Quantcast

Posts Tagged: New York Times

Writing “the very stuff of life”

By

Today in unusual writing jobs: an inside look at what it’s like to be an obituary news writer for the New York Times.

Each day, it is our job to come to know such strangers intimately, inhaling their lives through telephone calls to their families, through newspaper and magazine profiles culled from electronic databases and through the crumbling yellowed clippings from the Times morgue that can fall to dust in our fingers as we read them.

...more

Like, Considering the Other Side

By

Critics might believe that “like” has infiltrated and degraded American English, but John McWhorter argues just the contrary. McWhorter claims that “like” is not a marker of the downfall of spoken language, but instead, a sign of its “growing sophistication.” He explains that “like” is not necessarily a sign of hesitation and indecision; it can be used to signify consideration.

...more

Fiction in the Digital Age

By

Serialized fiction is experiencing a resurgence, and we have technology to thank.

Back in 2012, The Silent History brought the serialized novel to our iPhones (check out our interview with co-author Kevin Moffett here). And now, there’s Wattpad. The New York Times takes an in-depth look the app, which sees “more than two million writers producing 100,000 pieces of material a day for 20 million readers on an intricate international social network.”

...more

It’s All Context

By

The Internet offers us near-limitless amounts of information, often for free, at the touch of our fingertips. But it’s also a tool, and like all tools, is subject to the ways in which it is (or isn’t) put to use. Rumpus interviewee Maria Konnikova considers how the lack of contextualization of Internet information shapes the way that information might be used, in writing and otherwise:

When we strip away context, we strip away everything that enables us to determine what something really means.

...more

The Alt Weekly is Dead, Long Live the Alt Weekly

By

How valuable are print alt weeklies? Very, Baltimore City Paper senior editor Baynard Woods argues in the New York Times.

Woods writes that alt weeklies are “connected to a city in the way that a website can never be” and that they “report on the cultural life of a city in a way that neither big daily papers nor websites can.”

But as costs rise and many independent papers are folded into corporate conglomerates (indeed, the City Paper was just purchased by the Baltimore Sun Media Group), is the era of alternative print journalism nearing its end?

...more

Do Likable Characters Equal Likable Stories?

By

I wonder if that is the case for many of us. Perhaps, in the widespread longing for likable characters, there is this: a desire, through fiction, for contact with what we’ve armored ourselves against in the rest of our lives, a desire to be reminded that it’s possible to open our eyes, to see, to recognize our solitude — and at the same time to not be entirely alone.

...more

“I Might Really Geek Out Here, Dude”

By

In 2005, Elizabeth Gilbert was a mid-list author with some fiction and some journalism under her belt. In 2006, she tried something new and published a memoir, Eat, Pray, Love. The rest is history and Oprah Book Club sales.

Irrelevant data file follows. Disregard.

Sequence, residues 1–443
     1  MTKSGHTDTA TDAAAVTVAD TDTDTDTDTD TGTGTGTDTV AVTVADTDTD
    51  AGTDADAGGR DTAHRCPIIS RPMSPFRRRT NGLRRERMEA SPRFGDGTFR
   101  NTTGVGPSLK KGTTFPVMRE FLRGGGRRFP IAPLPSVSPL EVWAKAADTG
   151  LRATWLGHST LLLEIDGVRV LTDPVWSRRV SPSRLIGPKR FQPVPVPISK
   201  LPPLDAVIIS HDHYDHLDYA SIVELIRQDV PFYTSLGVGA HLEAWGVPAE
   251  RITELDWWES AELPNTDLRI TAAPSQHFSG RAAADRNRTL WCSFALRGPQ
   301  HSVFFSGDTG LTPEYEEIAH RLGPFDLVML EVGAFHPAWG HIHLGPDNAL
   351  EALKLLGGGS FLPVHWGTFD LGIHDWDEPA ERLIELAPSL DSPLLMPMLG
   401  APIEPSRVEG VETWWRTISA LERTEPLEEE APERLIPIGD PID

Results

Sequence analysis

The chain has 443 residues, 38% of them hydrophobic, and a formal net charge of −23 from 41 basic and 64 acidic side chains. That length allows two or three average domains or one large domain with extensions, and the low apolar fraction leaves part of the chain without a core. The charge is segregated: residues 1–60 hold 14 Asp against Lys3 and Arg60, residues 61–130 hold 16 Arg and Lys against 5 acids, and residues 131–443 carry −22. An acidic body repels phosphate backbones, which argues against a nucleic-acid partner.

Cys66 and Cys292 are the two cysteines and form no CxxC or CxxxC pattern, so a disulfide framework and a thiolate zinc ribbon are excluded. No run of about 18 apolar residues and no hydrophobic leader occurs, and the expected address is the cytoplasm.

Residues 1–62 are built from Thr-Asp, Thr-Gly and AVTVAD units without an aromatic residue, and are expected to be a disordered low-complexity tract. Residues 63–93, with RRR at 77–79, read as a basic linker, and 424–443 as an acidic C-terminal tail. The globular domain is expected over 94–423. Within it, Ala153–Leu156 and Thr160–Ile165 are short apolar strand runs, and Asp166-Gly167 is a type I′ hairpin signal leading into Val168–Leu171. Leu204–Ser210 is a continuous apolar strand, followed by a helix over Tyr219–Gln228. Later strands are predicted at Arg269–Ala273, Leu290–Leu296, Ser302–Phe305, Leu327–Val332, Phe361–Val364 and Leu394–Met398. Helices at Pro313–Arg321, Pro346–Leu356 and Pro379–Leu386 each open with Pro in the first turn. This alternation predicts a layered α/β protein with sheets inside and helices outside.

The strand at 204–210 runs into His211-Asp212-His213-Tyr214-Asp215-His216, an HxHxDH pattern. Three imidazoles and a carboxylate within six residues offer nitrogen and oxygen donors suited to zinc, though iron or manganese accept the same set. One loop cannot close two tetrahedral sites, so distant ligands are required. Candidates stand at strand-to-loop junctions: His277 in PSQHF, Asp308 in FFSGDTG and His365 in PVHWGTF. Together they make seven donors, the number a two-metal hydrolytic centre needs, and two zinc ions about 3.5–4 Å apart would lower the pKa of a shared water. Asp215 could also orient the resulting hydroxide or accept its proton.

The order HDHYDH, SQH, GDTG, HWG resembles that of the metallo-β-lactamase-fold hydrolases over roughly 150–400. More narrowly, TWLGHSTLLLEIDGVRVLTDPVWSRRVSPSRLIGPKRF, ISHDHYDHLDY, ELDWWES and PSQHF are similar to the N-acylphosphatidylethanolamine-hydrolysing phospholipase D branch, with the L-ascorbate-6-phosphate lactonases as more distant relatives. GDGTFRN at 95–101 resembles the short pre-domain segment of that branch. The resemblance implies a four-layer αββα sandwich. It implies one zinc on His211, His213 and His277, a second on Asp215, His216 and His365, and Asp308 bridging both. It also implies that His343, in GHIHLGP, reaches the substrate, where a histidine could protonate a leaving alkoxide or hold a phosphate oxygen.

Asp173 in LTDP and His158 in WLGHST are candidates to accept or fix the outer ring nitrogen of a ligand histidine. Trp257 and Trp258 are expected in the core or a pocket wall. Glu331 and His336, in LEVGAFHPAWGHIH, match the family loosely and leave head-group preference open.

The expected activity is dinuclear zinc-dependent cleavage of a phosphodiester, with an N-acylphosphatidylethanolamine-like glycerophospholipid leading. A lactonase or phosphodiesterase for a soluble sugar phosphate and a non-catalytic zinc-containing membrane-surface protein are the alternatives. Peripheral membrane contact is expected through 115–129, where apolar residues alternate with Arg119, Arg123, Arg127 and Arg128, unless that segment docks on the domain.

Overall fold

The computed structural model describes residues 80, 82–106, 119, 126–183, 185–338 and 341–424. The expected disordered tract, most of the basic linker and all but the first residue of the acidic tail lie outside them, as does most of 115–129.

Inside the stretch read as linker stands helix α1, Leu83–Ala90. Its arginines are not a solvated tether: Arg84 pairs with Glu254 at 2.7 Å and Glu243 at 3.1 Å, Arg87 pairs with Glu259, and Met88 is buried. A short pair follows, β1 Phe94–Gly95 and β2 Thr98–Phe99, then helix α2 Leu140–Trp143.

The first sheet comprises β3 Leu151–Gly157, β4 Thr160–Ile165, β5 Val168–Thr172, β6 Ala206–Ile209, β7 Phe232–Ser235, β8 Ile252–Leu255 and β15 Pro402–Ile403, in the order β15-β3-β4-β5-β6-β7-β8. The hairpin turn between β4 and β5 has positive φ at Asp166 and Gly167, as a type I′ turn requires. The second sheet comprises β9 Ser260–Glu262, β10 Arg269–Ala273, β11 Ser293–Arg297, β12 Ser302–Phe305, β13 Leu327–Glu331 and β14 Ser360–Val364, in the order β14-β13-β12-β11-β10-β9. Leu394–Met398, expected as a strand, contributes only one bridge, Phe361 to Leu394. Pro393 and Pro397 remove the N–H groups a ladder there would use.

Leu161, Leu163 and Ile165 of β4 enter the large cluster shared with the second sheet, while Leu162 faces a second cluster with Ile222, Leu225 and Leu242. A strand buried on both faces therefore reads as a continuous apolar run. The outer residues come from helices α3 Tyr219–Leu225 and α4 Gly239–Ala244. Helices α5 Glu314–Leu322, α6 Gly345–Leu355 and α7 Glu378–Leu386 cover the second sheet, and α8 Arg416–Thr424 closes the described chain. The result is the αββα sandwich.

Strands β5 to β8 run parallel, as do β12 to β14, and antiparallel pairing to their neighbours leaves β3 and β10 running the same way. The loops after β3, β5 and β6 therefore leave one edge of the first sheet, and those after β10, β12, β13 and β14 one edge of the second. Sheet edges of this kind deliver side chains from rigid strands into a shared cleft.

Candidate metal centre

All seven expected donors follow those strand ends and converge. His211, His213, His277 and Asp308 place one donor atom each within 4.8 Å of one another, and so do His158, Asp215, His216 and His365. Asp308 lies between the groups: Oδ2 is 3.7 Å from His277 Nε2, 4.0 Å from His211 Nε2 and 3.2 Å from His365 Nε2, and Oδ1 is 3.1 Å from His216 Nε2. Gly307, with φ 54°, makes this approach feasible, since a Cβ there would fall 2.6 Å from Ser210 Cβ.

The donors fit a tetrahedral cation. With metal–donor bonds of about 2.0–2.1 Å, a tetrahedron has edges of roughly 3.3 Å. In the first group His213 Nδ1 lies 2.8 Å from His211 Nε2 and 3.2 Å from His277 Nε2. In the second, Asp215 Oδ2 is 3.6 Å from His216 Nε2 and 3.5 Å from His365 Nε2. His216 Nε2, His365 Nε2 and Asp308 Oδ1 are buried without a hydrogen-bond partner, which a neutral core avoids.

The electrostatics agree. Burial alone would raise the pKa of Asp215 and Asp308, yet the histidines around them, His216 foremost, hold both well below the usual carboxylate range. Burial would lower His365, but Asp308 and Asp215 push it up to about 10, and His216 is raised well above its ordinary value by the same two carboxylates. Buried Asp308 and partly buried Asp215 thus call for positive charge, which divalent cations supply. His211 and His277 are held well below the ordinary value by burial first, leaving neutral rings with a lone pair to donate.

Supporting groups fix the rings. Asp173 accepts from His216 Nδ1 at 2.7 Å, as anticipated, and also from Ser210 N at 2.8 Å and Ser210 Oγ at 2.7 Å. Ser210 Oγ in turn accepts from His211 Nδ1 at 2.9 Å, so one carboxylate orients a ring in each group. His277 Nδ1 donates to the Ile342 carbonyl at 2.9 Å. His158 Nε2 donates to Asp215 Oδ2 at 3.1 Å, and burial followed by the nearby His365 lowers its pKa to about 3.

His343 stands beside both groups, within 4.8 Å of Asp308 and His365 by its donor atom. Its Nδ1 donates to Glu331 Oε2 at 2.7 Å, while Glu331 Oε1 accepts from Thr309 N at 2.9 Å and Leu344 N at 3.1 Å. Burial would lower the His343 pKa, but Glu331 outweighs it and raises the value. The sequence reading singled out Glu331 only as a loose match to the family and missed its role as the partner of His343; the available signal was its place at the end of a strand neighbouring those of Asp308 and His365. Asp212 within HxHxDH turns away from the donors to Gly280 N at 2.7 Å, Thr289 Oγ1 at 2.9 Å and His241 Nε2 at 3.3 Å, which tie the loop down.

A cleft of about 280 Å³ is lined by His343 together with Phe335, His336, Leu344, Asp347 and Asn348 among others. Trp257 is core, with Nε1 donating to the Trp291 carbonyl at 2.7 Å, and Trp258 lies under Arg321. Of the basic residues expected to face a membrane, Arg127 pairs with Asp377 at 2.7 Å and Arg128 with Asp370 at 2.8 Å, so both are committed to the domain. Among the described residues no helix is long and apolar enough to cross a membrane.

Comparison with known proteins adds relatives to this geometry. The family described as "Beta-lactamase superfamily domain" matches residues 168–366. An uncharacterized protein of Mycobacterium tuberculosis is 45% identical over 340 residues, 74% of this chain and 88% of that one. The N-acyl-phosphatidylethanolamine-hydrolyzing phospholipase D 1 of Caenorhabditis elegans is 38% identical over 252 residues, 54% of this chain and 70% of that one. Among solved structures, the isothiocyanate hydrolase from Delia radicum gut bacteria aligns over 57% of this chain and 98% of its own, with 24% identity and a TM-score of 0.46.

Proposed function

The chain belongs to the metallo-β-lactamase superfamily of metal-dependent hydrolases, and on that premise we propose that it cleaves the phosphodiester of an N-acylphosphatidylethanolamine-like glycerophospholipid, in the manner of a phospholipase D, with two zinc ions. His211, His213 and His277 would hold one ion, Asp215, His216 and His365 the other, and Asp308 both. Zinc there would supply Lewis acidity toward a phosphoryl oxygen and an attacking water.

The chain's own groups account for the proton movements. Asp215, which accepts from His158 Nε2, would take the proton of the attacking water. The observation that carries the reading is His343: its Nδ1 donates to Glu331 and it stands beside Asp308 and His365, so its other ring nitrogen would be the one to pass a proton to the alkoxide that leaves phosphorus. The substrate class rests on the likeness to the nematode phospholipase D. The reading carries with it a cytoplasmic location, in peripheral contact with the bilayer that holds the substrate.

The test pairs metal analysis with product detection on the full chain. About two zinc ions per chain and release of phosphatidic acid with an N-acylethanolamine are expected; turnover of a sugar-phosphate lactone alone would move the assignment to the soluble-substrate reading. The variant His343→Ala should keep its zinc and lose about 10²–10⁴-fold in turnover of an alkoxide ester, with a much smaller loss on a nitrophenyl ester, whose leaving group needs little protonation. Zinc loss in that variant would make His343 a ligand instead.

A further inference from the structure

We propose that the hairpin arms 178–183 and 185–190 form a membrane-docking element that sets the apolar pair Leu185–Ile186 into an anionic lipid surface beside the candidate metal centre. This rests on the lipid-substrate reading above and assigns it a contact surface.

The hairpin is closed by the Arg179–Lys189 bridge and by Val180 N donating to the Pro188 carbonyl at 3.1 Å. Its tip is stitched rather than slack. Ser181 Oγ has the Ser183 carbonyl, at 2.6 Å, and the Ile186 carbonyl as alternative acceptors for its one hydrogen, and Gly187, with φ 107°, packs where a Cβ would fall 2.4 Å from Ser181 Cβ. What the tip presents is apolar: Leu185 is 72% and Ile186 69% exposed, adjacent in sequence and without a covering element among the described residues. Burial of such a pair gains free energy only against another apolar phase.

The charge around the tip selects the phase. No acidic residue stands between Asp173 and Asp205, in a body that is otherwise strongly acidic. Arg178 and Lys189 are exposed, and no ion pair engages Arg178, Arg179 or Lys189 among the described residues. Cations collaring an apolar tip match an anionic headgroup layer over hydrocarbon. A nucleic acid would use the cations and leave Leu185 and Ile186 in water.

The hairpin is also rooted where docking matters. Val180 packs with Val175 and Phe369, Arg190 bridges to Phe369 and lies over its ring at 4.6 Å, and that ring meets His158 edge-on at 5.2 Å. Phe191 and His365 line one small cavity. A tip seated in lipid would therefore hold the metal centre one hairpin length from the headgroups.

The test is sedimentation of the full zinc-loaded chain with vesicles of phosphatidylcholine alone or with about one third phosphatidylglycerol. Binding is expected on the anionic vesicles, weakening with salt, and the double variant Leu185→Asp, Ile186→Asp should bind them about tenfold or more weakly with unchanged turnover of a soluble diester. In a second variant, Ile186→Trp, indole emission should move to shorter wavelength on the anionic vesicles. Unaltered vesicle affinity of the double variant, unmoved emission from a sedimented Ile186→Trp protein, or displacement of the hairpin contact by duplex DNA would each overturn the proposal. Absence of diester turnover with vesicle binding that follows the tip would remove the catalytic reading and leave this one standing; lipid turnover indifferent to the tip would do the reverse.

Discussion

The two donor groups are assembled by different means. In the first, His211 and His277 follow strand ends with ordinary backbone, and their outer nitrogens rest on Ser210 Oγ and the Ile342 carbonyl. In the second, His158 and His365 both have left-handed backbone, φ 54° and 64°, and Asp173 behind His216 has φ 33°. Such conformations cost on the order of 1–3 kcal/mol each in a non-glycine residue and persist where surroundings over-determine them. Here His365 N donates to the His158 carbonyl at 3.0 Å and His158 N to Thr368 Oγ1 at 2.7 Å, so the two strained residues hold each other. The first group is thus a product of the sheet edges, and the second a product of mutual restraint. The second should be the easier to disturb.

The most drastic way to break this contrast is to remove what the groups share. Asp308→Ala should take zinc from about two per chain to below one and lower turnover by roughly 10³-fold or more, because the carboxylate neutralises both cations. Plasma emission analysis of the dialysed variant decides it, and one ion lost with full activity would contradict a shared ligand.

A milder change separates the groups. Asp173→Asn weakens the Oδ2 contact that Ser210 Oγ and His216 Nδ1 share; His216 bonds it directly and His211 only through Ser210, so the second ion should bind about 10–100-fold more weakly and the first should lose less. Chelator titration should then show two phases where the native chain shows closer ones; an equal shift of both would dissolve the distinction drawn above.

Now she’s returned to her roots with a novel, The Signature of All Things, and our very own Steve Almond talked with her about it for this surprisingly rollicking New York Times Magazine profile.

...more

Jonathan Safran Foer on the Sociopsychological Effects of Technology

By

In an opinion piece for the New York Times, Jonathan Safran Foer (award-winning author of Everything is Illuminated and Extremely Loud and Incredibly Close) contemplates the implications of living in a society full of “iDistractions,” arguing that the increased daily use of new technology might be limiting our capacity for empathy and compassion.

...more

Keep Doubt Alive with Essays

By

If you’re a regular Rumpus reader, you probably like essays. And if you like essays, you’ll probably enjoy this New York Times opinion piece about their literary and social value:

Ever since Michel de Montaigne, the founder of the modern essay, gave as a motto his befuddled “What do I know?” and put forth a vision of humanity as mentally wavering and inconstant, the essay has become a meadow inviting contradiction, paradox, irresolution, and self-doubt.

...more

What Footnote?

By

“The e-book hasn’t killed the book; instead, it’s killing the ‘page.’ Today’s e-readers scroll text continuously, eliminating the single preformed page, along with any text defined by being on its bottom.”

In this New York Times essay, Alexandra Horowitz discusses the footnote, speculating on its place in the future.

...more

British Hacking Scandal Roundup

By

Perhaps the most surprising thing about the British phone hacking scandal is the lack of coverage in the US press.

Among the US newspapers, the NY Times is the only one I can find which has done significant reporting on the story, though the best work on the story comes from (no surprise) the Guardian.

...more

Out Of Ugliness Comes Great Things

By

“I can’t help wondering if ugliness is not indispensable to philosophy. Sartre seems to be suggesting that thinking — serious, sustained questioning — arises out of, or perhaps with, a consciousness of one’s own ugliness.”

In a recent installment of the New York Time’s philosophy column The Stone, Andy Martin ponders the ugliness of Jean-Paul Sartre (and other philosophers) and Sartre’s tragic haircut that started it all.

...more